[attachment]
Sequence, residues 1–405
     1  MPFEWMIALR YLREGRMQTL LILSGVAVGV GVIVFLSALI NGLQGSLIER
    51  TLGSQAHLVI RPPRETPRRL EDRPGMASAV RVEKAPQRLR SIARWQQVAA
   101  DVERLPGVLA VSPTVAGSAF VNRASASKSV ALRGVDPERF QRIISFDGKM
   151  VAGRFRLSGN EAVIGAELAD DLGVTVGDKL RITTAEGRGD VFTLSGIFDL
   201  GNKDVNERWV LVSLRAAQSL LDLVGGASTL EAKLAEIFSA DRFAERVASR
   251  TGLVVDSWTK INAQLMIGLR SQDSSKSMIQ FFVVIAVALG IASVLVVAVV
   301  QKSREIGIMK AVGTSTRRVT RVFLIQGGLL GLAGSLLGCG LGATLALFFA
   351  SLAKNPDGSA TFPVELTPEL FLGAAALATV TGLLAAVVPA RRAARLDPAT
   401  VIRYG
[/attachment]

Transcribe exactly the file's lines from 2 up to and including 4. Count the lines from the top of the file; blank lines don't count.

     1  MPFEWMIALR YLREGRMQTL LILSGVAVGV GVIVFLSALI NGLQGSLIER
    51  TLGSQAHLVI RPPRETPRRL EDRPGMASAV RVEKAPQRLR SIARWQQVAA
   101  DVERLPGVLA VSPTVAGSAF VNRASASKSV ALRGVDPERF QRIISFDGKM